Bloomberg News reported on February 06, 2014 that one of Japan’s largest government pension funds, known as the Government Pension Investment Fund (GPIF) has been advised by one of its board members, Mr. Makoto Utsumi, who is currently serving as the President of debt rating firm Japan Credit Rating Agency Ltd. to look into the possibility of diversifying its existing Japanese Government Bond (JGB) fund holdings to include other higher-yielding, higher quality financial investments, as yields on most JGBs are historical lows, which meant that lower derived returns, and huge opportunity costs incurred.
Readers might have recalled a similar blog article discussion written late last year on some of the key challenges facing GPIF as its fund holding returns were underperforming relative to the local financial markets, and how to ensure that pension obligations are being fulfilled due to the resulting low JGB yields as a result of the massive bond buying programme unveiled by the Bank of Japan (BOJ) under the helm of Governor Haruhiko Kuroda early last year as part of the monetary policy reforms introduced that were included as part of Prime Minister’s so-called ‘Three Arrows’ policies (Fiscal, Monetary and Structural). The bond buying programme has been set at Japanese Yen 7.0 trillion per month, and its reiteration of its January 22, 2014 continuing stance of maintaining relative low interest rates in a bid to revive the Japanese economy.
However, Mr. Utsumi was quoted by Bloomberg News by saying that, “Holding bonds until maturity while the BOJ continues to intervene, means GPIF ends up with a huge amount of low-yielding assets.” Another board member, Mr. Takatoshi Ito was also quoted by Bloomberg News as saying that as a fellow board member in GPIF, he has advised the Japanese government to look into the possibility of diversifying its existing JGB holdings as Japan’s inflation figures are starting to inch higher towards to the BOJ’s inflation target of 2.0 percent. The higher yields offered by non-JGB instruments could act as a hedge in offsetting some of the risks associated with a time eroding instrument such as a government bond investment, and/or other credit-like instruments.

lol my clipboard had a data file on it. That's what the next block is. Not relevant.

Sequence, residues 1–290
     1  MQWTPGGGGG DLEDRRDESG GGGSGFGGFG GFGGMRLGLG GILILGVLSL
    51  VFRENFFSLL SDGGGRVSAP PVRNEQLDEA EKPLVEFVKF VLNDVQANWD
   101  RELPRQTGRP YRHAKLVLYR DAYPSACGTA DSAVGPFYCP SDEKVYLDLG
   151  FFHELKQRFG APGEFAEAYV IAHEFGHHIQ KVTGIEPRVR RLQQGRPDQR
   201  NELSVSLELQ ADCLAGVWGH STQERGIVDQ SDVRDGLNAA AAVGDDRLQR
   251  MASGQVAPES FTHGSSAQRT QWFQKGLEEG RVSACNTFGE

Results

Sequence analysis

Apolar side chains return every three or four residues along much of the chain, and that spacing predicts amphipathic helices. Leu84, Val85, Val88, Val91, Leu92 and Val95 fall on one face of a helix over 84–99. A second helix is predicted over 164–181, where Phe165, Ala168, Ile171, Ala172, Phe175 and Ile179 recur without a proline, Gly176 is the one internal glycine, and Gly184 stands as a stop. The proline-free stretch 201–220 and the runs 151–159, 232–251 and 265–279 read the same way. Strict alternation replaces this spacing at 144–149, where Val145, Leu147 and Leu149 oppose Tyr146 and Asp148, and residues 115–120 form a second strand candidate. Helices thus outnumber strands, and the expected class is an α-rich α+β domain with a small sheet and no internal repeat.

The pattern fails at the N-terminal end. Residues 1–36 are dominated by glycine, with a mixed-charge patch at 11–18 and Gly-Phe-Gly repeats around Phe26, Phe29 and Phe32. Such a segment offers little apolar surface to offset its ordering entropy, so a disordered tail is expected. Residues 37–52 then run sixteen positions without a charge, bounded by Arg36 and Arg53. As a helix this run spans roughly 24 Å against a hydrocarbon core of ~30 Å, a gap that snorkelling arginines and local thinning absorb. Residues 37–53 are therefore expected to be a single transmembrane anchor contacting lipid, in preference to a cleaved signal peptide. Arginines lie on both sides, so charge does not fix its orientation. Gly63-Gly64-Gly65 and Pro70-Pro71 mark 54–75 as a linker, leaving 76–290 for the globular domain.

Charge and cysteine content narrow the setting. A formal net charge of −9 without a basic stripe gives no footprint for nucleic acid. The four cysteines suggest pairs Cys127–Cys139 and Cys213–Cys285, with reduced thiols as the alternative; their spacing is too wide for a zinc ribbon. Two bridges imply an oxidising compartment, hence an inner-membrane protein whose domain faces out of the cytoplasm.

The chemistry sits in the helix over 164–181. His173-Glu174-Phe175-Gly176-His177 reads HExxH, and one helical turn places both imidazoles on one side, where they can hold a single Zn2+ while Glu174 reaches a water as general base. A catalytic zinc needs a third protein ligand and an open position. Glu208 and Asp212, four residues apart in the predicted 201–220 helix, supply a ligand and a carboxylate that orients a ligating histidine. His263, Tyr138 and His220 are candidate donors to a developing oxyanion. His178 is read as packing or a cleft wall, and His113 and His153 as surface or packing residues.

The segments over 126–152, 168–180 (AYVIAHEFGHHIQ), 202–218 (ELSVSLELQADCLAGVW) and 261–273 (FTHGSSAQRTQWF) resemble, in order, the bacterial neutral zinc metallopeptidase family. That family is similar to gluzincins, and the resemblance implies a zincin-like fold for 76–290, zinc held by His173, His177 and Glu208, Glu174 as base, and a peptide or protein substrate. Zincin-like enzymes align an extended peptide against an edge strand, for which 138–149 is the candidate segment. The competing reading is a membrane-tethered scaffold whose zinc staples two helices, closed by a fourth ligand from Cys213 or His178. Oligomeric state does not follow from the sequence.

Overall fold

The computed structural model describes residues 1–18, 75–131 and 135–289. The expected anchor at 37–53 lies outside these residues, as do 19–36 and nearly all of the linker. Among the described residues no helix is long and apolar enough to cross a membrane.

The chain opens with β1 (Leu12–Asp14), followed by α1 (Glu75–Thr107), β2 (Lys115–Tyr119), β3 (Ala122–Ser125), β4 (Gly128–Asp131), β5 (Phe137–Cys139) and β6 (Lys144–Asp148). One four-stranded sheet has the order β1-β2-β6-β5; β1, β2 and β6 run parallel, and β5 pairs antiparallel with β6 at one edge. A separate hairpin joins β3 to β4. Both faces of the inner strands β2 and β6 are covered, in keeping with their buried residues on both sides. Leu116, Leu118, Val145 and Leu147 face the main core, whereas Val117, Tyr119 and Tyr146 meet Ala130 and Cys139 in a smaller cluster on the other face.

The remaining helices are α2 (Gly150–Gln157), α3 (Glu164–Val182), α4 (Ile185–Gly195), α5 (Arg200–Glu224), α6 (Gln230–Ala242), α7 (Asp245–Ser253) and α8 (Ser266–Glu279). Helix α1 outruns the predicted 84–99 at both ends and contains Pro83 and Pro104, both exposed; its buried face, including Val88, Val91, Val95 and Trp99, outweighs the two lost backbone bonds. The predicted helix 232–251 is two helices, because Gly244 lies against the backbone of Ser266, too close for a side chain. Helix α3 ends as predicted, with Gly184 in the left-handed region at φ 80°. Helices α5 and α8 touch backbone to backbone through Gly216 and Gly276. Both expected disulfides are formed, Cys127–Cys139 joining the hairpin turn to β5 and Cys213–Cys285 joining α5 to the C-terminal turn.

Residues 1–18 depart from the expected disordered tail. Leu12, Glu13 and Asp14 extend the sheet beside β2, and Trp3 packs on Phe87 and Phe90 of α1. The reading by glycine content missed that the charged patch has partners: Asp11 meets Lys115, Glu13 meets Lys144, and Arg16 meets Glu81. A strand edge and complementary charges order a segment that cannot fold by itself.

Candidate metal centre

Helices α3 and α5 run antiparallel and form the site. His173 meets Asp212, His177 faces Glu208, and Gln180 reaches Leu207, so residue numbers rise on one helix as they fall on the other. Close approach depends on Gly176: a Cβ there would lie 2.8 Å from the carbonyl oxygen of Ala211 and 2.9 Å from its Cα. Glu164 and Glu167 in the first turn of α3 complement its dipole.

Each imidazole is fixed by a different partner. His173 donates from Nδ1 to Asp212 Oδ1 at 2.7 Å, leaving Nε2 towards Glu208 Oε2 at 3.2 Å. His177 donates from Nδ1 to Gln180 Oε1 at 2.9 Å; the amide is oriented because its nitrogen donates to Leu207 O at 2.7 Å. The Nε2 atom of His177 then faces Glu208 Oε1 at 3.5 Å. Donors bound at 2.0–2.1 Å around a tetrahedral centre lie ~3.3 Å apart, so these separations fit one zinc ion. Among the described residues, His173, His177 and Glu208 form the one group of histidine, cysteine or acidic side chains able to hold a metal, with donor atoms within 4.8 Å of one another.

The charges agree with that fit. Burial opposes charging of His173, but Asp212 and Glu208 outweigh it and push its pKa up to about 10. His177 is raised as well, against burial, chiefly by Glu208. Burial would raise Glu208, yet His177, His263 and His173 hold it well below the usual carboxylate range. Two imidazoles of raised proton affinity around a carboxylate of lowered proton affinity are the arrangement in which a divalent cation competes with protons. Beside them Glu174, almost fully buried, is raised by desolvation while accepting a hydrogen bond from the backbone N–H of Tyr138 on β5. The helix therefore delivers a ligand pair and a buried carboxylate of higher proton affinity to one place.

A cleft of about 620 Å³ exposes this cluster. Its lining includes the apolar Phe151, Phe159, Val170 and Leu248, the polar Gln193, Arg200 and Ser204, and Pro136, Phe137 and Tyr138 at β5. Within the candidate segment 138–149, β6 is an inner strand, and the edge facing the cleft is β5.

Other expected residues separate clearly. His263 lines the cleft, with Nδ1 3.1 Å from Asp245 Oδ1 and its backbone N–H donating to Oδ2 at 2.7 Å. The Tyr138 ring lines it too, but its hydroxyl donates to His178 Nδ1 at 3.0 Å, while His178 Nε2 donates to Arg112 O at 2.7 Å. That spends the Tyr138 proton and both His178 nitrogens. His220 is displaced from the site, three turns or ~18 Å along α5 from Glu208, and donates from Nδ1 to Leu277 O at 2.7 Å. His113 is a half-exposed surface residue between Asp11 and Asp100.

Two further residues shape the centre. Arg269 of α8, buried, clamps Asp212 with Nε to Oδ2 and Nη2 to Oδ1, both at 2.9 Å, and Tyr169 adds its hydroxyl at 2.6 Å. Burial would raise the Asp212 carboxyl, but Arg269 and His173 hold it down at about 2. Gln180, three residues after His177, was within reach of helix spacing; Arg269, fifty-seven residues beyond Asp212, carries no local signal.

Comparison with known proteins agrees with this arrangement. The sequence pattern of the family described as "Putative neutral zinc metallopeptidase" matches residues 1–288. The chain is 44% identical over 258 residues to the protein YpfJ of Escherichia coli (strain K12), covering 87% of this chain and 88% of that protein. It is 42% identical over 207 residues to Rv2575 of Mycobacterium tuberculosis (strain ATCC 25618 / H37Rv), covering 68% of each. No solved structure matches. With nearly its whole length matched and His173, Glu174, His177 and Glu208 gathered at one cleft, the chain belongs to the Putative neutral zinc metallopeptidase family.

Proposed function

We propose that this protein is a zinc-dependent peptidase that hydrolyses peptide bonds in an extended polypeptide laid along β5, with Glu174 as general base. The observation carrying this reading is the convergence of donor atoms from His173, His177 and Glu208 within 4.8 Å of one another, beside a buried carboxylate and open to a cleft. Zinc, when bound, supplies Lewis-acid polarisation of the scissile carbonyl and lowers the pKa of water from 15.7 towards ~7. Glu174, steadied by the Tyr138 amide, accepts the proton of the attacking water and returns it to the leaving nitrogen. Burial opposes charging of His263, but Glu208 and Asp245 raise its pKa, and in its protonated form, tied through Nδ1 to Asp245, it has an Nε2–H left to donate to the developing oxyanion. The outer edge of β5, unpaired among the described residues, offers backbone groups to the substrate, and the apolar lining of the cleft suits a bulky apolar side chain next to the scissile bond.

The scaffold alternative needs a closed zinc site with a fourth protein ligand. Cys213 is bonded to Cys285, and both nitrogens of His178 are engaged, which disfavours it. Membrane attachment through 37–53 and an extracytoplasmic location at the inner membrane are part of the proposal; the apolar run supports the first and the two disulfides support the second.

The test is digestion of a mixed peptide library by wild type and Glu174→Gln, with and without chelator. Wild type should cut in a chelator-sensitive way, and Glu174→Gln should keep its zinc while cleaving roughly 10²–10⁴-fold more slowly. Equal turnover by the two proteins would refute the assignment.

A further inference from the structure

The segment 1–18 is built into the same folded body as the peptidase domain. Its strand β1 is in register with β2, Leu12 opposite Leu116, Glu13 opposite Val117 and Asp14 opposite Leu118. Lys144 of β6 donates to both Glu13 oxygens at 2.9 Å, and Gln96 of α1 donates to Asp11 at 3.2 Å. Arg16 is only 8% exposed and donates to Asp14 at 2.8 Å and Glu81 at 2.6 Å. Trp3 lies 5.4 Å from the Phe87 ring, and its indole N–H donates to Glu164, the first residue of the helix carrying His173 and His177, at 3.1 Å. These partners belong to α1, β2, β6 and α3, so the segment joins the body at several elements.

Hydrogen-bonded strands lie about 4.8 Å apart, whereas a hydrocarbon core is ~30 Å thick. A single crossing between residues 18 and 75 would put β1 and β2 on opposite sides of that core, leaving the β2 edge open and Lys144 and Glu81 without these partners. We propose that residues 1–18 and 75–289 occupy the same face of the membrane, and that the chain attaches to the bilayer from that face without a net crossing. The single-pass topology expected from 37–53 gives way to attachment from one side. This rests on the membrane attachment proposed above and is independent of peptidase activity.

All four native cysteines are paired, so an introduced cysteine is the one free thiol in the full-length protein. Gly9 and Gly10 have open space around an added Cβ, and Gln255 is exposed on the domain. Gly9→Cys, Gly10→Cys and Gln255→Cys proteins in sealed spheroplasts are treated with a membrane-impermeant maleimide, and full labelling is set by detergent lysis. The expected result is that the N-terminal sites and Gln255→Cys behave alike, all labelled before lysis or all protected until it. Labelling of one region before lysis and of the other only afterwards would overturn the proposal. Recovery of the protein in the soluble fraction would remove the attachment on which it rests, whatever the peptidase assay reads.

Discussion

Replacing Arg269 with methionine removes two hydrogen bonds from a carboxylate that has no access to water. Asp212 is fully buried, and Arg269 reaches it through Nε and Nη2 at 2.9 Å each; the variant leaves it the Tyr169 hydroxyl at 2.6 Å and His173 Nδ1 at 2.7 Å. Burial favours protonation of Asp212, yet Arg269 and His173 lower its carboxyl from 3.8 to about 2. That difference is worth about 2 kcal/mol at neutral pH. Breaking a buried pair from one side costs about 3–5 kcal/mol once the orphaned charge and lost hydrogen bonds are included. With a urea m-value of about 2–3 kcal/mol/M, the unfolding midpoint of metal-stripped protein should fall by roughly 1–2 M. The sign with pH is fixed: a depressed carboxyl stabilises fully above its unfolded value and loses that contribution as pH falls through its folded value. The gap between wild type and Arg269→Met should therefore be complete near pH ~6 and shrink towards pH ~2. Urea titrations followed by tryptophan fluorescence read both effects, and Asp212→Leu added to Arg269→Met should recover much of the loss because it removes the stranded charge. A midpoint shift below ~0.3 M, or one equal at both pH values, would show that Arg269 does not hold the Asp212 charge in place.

In addition to these latest remarks, with Japan being assigned with a double ‘A’ credit rating status by most credit rating agencies, and its relatively two times debt to Gross Domestic Product (GDP) ratios, there is an urgent need to think seriously about moving away from the large exposure to bonds, and other credit-like instruments which offers yield spreads that are generally lower against other instruments such as equities, real estate, among others. Moreover, holding such a large chunk of JGBs could turn out to be a risky portfolio strategy when inflation starts to creep up, and the economy might not be able to cope with the sudden spikes of volatility coming from active selling of those bonds, resulting in lost returns, and shortfall of pension payments to its beneficiaries.
The latest Bloomberg News article does warrant the Japanese government to start to think seriously on debt financing, and its government pension obligations to the retirees and beneficiaries. There has to a change in the mindsets of many Japanese lawmakers that such low yields being earned through investments in JGBs should not be a permanent feature in the way on how it raises the necessary funds needed to finance the pension trust fund, and fulfilling its pension obligations to its beneficiaries in the process.